Staff at many chemical plants spend most of their time "fighting fires" to keep units operational. Therefore, they can't give adequate attention to finding ways to prevent unexpected failures that can incur costly downtime and damage — and pose potential risks to personnel.
Such was the case at the Saudi International Petrochemical Co. (Sipchem) complex at Jubail, Saudi Arabia, where asset availability and uptime remained below targeted levels for relatively new plants. Management was frustrated with the difficulty in achieving the high level of performance needed to compete in world markets.
Established in 1999, Sipchem began producing methanol, butandiol and tetrahydrofuran in Jubail in 2004; the Acetyls Complex started making acetic acid and acetic anhydride in 2009. Downstream products now include ethylene vinyl acetate, low-density polyethylene, ethyl acetate and butyl acetate.
During the early years, plant trips were too frequent, and plant personnel only could react to process disruptions. Even with thousands of smart field devices generating ever-increasing volumes of data on the condition of critical production assets, no effective method was in use to apply that information to prevent unexpected equipment failures. In addition, personnel had no good way of knowing whether routine maintenance was being done too frequently or not often enough. Nor could they easily identify the "bad actors" — those few machines and field devices that cause the most problems. There were plenty of questions including:
• How can maintenance practices be changed to produce better results?
• What equipment fails most often and what's behind that failure frequency?
• Which assets represent the greatest risk to availability?
• Are maintenance dollars being spent properly to achieve high reliability?
Sipchem turned to Emerson Process Management's Asset Optimization Services group to help improve plant performance. In the last four years, this group has performed reliability-centered maintenance (RCM) on all existing production units at Jubail, covering approximately 20,000 assets.
This work, which began in the Acetyls Complex, involved validating information that already had been entered into an SAP computerized maintenance management system (CMMS) and including many more assets, some of which were purposely omitted from SAP when the plant was built. Also, it addressed a serious deficiency in the way assets were described — using general terminology rather than tag numbers. That created a real problem for the maintenance organization because there was no way of tracking many of the maintenance procedures, and no idea where maintenance dollars were being spent.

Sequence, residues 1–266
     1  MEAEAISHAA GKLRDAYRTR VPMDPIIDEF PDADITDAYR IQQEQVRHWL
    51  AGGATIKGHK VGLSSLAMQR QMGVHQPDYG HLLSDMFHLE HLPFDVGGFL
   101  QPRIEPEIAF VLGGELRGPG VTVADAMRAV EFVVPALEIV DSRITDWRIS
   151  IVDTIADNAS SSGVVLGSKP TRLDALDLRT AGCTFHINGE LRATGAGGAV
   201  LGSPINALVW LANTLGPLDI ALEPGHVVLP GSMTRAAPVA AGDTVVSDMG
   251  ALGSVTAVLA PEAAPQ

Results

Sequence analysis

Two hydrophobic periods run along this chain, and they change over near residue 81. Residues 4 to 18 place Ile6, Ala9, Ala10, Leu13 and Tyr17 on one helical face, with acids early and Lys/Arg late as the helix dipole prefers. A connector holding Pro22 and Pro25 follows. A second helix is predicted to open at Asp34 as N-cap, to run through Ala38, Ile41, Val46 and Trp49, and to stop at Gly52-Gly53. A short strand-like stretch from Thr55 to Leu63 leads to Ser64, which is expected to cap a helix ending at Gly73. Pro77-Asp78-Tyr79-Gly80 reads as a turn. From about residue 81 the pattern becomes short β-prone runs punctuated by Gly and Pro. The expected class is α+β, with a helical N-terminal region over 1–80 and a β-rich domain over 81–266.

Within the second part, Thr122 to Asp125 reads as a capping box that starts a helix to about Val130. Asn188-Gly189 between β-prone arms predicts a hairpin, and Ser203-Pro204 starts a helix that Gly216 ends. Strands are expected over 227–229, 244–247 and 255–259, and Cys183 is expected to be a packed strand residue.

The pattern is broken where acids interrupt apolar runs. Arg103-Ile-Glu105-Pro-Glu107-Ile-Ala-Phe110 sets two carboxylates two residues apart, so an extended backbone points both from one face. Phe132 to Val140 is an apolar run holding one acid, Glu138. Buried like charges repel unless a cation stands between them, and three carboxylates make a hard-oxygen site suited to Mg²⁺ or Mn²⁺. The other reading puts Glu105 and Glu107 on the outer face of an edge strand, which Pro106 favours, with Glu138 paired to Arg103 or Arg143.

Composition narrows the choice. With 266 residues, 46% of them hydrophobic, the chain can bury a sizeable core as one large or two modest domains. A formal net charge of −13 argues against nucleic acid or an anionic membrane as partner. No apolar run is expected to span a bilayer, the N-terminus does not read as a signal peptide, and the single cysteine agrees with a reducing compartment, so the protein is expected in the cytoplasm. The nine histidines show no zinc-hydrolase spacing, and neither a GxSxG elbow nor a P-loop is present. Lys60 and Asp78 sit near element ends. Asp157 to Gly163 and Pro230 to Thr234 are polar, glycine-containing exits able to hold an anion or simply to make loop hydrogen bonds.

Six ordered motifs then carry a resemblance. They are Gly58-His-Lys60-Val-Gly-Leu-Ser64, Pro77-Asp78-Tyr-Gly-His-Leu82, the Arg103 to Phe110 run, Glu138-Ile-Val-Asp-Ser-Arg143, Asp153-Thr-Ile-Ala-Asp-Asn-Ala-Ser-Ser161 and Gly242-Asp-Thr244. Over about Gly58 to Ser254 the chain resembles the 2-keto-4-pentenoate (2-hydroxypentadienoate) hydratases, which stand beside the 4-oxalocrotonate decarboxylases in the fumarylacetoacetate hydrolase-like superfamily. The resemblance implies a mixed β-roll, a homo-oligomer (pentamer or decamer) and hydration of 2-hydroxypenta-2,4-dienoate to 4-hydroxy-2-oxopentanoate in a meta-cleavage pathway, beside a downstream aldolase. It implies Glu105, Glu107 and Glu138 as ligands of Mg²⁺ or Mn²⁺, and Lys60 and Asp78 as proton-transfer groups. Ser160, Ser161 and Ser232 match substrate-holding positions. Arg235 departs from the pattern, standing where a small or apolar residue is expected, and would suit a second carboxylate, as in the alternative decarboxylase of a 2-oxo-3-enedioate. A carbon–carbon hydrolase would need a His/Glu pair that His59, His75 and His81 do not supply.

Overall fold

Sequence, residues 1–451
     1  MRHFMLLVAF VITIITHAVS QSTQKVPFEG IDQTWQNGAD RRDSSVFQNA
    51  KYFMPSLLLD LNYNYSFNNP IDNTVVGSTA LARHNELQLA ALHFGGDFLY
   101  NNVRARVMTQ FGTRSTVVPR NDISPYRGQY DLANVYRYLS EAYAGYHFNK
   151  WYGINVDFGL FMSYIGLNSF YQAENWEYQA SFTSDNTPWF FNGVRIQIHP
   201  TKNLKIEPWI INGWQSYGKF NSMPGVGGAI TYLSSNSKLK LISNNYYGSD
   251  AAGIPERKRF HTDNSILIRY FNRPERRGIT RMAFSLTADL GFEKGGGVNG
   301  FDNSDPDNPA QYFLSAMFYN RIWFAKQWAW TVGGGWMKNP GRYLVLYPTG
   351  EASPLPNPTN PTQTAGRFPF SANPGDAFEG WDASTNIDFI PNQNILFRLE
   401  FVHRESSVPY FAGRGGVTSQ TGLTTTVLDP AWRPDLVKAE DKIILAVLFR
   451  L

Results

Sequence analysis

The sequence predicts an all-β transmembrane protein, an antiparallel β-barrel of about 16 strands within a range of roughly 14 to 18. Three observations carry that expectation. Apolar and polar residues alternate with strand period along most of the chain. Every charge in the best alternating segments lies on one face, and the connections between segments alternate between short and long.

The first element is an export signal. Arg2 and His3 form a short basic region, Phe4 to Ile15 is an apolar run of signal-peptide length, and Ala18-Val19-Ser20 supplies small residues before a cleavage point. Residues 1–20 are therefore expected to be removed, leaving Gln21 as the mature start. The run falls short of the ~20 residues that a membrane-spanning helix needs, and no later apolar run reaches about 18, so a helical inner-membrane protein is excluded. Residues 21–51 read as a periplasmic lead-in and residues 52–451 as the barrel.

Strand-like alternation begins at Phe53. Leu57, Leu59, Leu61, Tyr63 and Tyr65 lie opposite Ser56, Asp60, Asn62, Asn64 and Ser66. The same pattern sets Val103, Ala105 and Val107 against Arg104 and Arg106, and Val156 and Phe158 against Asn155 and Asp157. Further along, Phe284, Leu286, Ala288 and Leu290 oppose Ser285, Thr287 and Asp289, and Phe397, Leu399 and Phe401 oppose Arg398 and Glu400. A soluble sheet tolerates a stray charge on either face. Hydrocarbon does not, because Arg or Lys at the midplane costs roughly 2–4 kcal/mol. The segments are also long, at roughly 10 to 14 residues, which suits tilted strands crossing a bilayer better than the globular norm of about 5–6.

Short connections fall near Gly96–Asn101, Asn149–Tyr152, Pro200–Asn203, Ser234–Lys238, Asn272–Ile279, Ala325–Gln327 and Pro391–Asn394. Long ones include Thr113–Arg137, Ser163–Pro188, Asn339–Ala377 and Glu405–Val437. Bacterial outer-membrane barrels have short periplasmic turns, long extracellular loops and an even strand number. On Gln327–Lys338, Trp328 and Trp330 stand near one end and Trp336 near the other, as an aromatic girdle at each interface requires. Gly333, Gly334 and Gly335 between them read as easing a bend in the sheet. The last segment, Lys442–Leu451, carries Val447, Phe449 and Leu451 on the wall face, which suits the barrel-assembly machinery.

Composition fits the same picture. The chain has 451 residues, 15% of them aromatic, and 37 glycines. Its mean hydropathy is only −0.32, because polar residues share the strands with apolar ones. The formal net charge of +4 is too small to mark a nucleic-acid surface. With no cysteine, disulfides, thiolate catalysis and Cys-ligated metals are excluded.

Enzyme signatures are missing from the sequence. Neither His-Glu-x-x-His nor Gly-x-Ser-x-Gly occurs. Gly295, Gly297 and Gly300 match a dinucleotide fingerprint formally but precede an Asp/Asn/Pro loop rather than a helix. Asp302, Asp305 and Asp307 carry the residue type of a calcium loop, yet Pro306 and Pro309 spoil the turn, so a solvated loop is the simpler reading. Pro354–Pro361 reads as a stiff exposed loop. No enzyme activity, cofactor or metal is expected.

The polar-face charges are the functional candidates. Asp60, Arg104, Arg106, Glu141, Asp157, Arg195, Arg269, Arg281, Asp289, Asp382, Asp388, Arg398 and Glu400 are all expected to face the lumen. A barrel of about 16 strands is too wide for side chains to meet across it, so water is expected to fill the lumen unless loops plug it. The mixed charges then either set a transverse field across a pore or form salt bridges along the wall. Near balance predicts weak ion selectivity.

In the end, some 5,000 assets listed in the Integraph Intools software used in designing and starting up the complex were properly identified and transitioned into the CMMS. Asset ranking criteria were developed initially as a part of the RCM process. Every asset was ranked according to its importance in maintaining product throughput, quality, safety and environmental compliance. Among the highest-ranking assets were the reactor area uninterruptible-power-supply distribution panel, the blowdown-drum pump motor, crude pump motors, and a flash column sidedraw pump.
Those high-priority assets now receive immediate maintenance when necessary, while those of less importance get attention commensurate with their criticality ranking. With all these assets now in the CMMS, we can provide more-effective maintenance for the entire Acetyls Complex. This is the essence of RCM. At the same time, we now keep and continually update a very complete record of all maintenance activities.
Most field instrumentation at Sipchem incorporate predictive intelligence; our new maintenance program takes advantage of the diagnostic information derived from those smart field devices. This has involved implementing Emerson's AMS Suite predictive maintenance software, which was initially installed on site but not fully utilized. The software provides easy access to the field-generated data via the DeltaV digital automation system. In this way, maintenance and control-room personnel can obtain real-time performance information from any specific smart transmitter or control valve at any time.
The software continually monitors the online devices and raises a status alert when the performance of any device, or the equipment to which it is mounted, falls below a prescribed norm. Maintenance and reliability managers can evaluate the situation to decide whether to address it immediately or wait until the next scheduled shutdown.
Knowledge is the key for the predictive maintenance strategy under which our plants operate today. Our managers now can make informed and timely maintenance decisions, improving reliability and increasing plant availability.
Predictive maintenance has proven to be less expensive over the long run than preventive maintenance and far less costly than reactive maintenance, where personnel rush to remedy unexpected equipment failures with no long-term strategy. Figure 1 shows that comparative maintenance costs for three different plants at the complex significantly decreased from 2010 to 2011.